It had been a man, once.
He thought of it while he gently tapped the red suitcase next to him, while he swiftly played his fingers across the dashboard in front of him. He thought about it while he waited.
It had been a man, once.
The radio blasted Eloko Oyo in the entrails of the repair truck he’d bought four years ago. Seated behind the wheel, Leonard started to lose his cool, tried to regain his breath.
For sure, he hoped it wouldn’t be a man this time. Men just were not the same thing. They had this
things between their legs which just made them not the same. At all.
Leonard leaned across the dashboard, upcross the wheel, feeling the cold of the glass underneath his fingertips. He closed his eyes.
He hoped it wasn’t a man, with his eyes closed, sensing the lights of the incoming car running over his body, then becoming still.
He thought she’d be scared while he extracted himself from his car. He’d knew she’d be fighting with herself. Torn between the fact that she’d already serviced nightshift workers and the dislike she had for the misplacement of this very special appointment, levelling the stillness of the nature all around.
She came to him, at odds. He knew she wouldn’t turn her back on him. Leonard liked her legs, still, though, she was too small for his tastes.
-What do you want to begin with ? she asked.
And he whacked her across the scalp with his hammer he’d put in his back pocket. Blood splatter missed him this time : while she fell to the ground and this was a good thing.
He stood there, all silent, while she tried to get up, and laid two more blows on her head while she scratched his legs. She, the anonymous she, moaned and tried to regain her breath and grabbed a handful of small rocks which were covering the floor and let them fell slowly.
Leonard, Leonard gently pressed his body against her, burying his nose between the rivulets of blood, he slowly kissed her neck.
He didn’t like the sounds she made, reminded him of a furnace, of cold watery places where children are taken away.
He’d never admit what he did to her. He just wasn’t this type of guy.
With her laying still, or slowly dying, or unconscious, he’d go get the suitcase, knowing it’d be just the right size. He put the body in, and pulled a cigarette out of his breast pocket and took his lighter and smoke for a little bit.
It had been a shitty week, what with colleagues making fun of his French accent and his lame-ass new boss. Leonard stood in the night with the moon high above his head and the suitcase next to him and both car’s lights still on.
He finished smoking and got in his tow-truck and put it right in front of the prostitute’s car. He took the hook, fixed it under the hood and got in the car and that’s when he heard the soft breath behind him.
Leonard turned around, gazed at the baby and got out of the car. He didn’t slam the door though, for he didn’t want to wake it up.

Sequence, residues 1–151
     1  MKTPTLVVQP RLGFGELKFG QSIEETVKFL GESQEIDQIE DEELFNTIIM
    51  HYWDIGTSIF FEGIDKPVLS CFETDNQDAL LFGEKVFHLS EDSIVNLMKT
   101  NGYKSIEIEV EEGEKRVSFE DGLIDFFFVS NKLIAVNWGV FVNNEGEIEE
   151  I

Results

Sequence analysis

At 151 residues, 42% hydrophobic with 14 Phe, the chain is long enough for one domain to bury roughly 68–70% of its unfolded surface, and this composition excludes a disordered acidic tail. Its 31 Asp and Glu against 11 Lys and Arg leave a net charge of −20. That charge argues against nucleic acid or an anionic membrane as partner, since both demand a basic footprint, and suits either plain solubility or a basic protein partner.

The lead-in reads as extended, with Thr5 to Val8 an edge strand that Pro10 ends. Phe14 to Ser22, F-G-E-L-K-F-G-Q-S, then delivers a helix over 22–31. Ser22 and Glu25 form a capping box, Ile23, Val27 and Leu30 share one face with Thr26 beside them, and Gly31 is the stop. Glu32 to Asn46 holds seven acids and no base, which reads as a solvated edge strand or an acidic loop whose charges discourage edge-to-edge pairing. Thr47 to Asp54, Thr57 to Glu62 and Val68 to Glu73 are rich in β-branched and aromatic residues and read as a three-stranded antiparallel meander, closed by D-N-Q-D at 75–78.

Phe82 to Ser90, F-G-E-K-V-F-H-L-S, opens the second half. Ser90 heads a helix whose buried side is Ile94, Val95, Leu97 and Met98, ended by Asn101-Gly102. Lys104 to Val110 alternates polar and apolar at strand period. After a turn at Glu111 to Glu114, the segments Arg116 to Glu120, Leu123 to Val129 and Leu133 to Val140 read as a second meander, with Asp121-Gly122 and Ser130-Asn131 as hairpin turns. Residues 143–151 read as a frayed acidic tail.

He watched the red suitcase and his tow-truck and smoke a new cigarette.
He thought of possibilities.
He knew it hadn’t been a man and part of him wished it wasn’t a boy that laid in the car. Leonard shook this thought off while he finished his fag. He re-entered the vehicle and took the baby’s sit and put it right next to the suitcase. He then got to the car and released the brakes and walked to his truck and upped the car a bit. Leonard turned off both vehicles and noticed the baby was now crying.
He walked to the mom and the child and first picked up the suitcase and took it to the hole and set it up. Leonard watched the red coffin for a time before he got up and walked over to the babe.
With his figure overshadowing the child, the baby became silent for but a moment and Leonard stood there and watched his glistening eyes.
The babe, it stuck its left index out, not knowing what to do with it, while Leonard glared at it silently and, in the silence all around, the child glared back.
With a short aspiration, he took the baby chair and brought it to the hole and fixed it on the suitcase and stood still for a moment before he grabbed the shovel.
He thought of him as some movie gravedigger in the eyes of the child which were turned shiny bright by the deep blue of the world all around. He thought of it while he shoved his first pile of dirt in the hole which missed the legs of the babe by a few inches, and then Leonard began to sing.
-Même si t’es pas v’nu pour danser, ici c’est comme à la maison…
And he continued while the dirt slowly covered the mom, the child and its screams.
-Même si t’es pas v’nu pour danser, n’aie pas honte devant les gens. Ouille ouille ouille, aïe, aïe, aïe. Ici c’est comme à l a maison.
Eventually, everything went silent again, the babe, the song, even Leonard.
Next week will be the fifth Friday of the month so I’ll be releasing a paper on the Amnesia series of videogames.